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Forgotten stents are one of the most common challenges urologists and their patients face, and they can cause significant complications and increase costs of care. Now, a program that tracks stent insertion and removal in the electronic medical record shows strong potential to help eliminate retained stents.
Chicago-Forgotten stents are one of the most common challenges urologists and their patients face, and they can cause significant complications and increase costs of care. Now, a program that tracks stent insertion and removal in the electronic medical record shows strong potential to help eliminate retained stents.
Nearly 10% of ureteral stents are retained, and 76% begin to encrust after 12 weeks. Researchers at UC San Diego School of Medicine’s department of urology sought to design an EMR-integrated stent tracking system “that doesn’t increase documentation for physicians” and helps to prevent incidence of retained stents, Fady Ghali, MD, a second-year urology resident, told Urology Times.
A case study on the initiative was presented at the AUA annual meeting in Chicago.
The authors worked with Epic to design a point-of-care tracking system that prompts the circulating nurse to input the expected explant date of all ureteral stents placed during surgery, as determined by the surgeon. The information is documented at the same time all other implant information is entered, making this step easy to incorporate into existing clinical workflows.
Epic then generates an alert when this expected explant date has passed, with messages sent to the appropriate clinical team to contact the patient and schedule a follow-up appointment.
System flags patient for missed removal
The results were striking. Among 30 patients who underwent ureteral stent placement using the new tracking system:
• 26 underwent successful stent removal before the anticipated date of removal.
• Three patients’ stents were successfully removed after the expected explant date.
• One patient was flagged for missed stent removal and was subsequently scheduled for an appointment to remove the stent.
Today, the authors enroll all ureteral stent patients into a database to assess the efficacy of the EMR tracking system, particularly with regard to timeliness of stent removal and incidence of retained or missed stents.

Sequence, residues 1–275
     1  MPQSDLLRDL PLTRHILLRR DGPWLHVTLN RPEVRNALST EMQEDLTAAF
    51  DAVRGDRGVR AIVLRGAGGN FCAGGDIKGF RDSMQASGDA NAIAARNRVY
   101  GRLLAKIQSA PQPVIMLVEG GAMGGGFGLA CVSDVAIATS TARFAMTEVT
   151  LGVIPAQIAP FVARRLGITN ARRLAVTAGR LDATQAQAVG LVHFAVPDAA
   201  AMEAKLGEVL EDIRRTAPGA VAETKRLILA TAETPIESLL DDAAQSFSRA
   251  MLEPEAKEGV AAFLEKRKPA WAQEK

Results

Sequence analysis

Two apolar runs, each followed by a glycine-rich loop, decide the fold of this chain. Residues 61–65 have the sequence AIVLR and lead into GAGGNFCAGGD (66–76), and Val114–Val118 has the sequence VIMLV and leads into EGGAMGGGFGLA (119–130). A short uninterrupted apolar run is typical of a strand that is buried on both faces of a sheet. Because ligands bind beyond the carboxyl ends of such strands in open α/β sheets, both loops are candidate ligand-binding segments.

The approach is a feasible method for reducing the incidence of retained stents while limiting the administrative and financial burden on the surgeon and the hospital, said Dr. Ghali, who worked on the study with Seth K. Bechis, MD, and colleagues.
Next:"Since the rollout, we’ve seen very quick assimilation [among clinicians]”“It’s easily incorporated into clinical practice with some education. Since the rollout, we’ve seen very quick assimilation [among clinicians],” Dr. Ghali said.
The tool was easy to design and implement, Dr. Ghali told Urology Times.
“We sat with our Epic folks and told them what we wanted, and they worked with us to design it,” he said.
Previous attempts to more effectively avoid incidence of retained stents-such as patient wristbands, mobile phone apps, and external registries-have been met with varying limitations and success, according to the authors. Such strategies typically increase the documentation burden for the surgeon. They also require separate electronic systems, such as smartphone applications or registries, to track patients who have received stents, raising concerns around patient privacy.
The success of an EMR-integrated clinical tracking system for stent removal could point to the potential to use EMR-integrated tracking for other procedures and conditions, Dr. Ghali told Urology Times.
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